Sadly, the system also encourages employers to ignore the law and, if the status quo does not change soon, it will encourage them to have contempt for it. A country that prides itself on being a nation of laws cannot let the situation get any further out of control.

From the late 1940's to the early 1970's, the US had a guest worker program (commonly known as the "Bracero" program). Before it was enacted, illegal entries into the US numbered about a million annually. When it was enacted, the number dropped to about 25,000 per year. When the program was rescinded, illegal entries shot right back up to over a million a year. That program was abused by some employers, due in part to a failure by the government to supervise it. It could have been done correctly, and should have been.

An example of the contrasting treatment given to different kinds of workers is instructive: temporary visas (e.g., H-1B) are available for computer design engineers and other professionals, but the law explicitly prohibits an employer from filing a temporary visa petition for the year-round workers who build the chairs in which those professional workers sit.

The moral of the story is twofold. First, if we have a workable visa status for essential workers, they and their employers will use it. Second, our immigration laws should support our economic system, not contradict it.

In 2004, Members of Congress introduced three bills to reform our system, but none of them came to a vote. Members of the Senate are drafting similar legislation right now, in an attempt to bring the undocumented into our immigration system, so that we will know who is here, and so that those who have sponsors can work legally. As President Bush has said, willing workers and willing employers should be able to get together and do so within the law. In addition, if essential workers are identified and brought within the system, we can use enforcement and investigative resources to identify and apprehend terrorists, instead of spending billions of dollars each year on our Southern border trying to defeat the law of supply and demand.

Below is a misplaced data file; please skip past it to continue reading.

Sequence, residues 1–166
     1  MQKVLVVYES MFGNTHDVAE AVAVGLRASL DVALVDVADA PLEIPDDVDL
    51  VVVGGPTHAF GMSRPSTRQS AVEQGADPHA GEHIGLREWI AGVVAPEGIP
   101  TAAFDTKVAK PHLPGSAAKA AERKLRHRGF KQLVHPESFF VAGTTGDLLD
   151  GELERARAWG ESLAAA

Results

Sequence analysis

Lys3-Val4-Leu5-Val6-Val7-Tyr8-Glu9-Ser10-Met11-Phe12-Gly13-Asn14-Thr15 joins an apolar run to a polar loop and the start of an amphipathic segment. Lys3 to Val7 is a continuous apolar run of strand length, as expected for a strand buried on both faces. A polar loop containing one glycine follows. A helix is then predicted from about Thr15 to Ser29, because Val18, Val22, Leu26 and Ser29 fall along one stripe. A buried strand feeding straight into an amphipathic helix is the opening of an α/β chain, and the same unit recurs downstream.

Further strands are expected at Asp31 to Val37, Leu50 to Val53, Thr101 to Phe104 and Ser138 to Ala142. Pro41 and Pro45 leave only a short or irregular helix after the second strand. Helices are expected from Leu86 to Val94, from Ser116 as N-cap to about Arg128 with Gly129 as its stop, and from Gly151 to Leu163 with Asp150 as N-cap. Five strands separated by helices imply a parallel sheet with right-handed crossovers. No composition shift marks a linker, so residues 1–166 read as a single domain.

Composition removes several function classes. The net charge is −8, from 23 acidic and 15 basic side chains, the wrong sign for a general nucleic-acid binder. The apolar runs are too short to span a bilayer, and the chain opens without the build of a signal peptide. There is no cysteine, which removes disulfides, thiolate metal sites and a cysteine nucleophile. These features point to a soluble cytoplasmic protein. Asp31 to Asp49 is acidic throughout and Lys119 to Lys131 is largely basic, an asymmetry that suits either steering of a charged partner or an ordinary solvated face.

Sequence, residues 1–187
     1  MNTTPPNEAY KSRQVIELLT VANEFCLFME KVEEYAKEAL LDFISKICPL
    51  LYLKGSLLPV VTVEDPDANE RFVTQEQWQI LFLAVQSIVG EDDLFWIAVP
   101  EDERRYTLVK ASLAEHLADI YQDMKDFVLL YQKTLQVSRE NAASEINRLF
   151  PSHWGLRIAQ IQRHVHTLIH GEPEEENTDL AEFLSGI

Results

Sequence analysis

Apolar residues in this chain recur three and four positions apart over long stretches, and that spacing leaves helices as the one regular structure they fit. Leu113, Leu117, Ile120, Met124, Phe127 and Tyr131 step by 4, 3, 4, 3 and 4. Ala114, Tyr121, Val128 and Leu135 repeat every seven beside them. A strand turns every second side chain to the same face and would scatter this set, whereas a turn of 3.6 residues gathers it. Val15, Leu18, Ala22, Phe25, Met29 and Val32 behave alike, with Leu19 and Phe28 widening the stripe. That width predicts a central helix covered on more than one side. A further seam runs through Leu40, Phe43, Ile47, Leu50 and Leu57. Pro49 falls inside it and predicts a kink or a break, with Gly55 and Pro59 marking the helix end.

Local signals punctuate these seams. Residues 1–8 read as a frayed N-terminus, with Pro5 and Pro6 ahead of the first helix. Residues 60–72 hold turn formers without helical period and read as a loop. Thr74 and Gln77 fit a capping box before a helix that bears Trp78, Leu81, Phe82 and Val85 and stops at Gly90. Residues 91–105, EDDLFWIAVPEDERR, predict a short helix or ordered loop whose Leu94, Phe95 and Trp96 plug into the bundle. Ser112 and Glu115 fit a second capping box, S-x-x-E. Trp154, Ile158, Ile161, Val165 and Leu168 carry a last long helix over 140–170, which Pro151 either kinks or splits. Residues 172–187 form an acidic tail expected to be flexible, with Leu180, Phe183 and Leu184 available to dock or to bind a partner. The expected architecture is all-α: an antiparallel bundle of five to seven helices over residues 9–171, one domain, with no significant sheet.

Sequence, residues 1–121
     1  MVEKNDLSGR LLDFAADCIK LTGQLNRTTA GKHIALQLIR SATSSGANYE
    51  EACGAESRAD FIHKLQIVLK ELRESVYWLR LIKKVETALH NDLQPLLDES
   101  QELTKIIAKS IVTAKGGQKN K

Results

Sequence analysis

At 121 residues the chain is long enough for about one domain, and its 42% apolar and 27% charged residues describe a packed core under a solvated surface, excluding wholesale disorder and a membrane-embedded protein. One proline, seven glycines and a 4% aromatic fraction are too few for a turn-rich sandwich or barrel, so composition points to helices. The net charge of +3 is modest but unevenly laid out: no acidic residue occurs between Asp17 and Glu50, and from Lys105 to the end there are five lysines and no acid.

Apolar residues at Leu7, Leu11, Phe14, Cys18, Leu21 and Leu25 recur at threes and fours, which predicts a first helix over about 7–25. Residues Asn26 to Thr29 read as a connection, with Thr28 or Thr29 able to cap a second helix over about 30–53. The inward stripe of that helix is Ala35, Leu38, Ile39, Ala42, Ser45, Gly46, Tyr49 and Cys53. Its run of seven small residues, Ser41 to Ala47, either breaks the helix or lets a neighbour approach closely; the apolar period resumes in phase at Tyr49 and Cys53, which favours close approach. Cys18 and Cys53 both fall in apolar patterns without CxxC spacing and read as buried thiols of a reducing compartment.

If we fail to reform our immigration laws, we will continue taking unfair advantage of these loyal, hard working, dependable workers who want nothing more than to be given fair opportunity (in housing, education and employment) in return for an honest day's labor. We also will continue to soil a noble, 200 year tradition of being a nation of laws.

However, if we reform the immigration laws to be realistic and in sync with our economic system, then the pending driver's license laws can operate consistently with the immigration system. That is what we all should want - nothing more and nothing less.

Gerard M. Chapman. All rights reserved.

About The Author

Gerard M. Chapman has been a Board Certified Immigration Specialist since 1997. He graduated from UNC-CH in 1973 with a BA in International Studies, and in 1978 he received his JD, cum laude, from the University of Georgia School of Law. He has served as an AILA Ethics Mentor and as a Labor Certification Mentor. He is a trustee of AILF. He served as Chair of the Carolinas Chapter of AILA and as a member of AILA's Board of Governors from 1998-2000. Mr. Chapman has served as the Chair or Co-Chair of three national AILA Committees: the Immigrant Investor Visa Committee (1990-93), the Committee on Intracompany Transferees and International Managers and Executives (1993-94) and the Essential Worker Committee (1999- present). He also is a member of AILA's Law Office Management Committee. Mr. Chapman has authored articles in several AILA publications and lectured at immigration seminars in the United States and abroad. He has been involved in AILA's efforts to secure immigration reform on a national level. The comments of Mr. Chapman are his own, and should not be attributed to anyone else, to any organization or to any committee on which he serves or has served. Mr. Chapman can be reached by email at:

The opinions expressed in this article do not necessarily reflect the opinion of ILW.COM.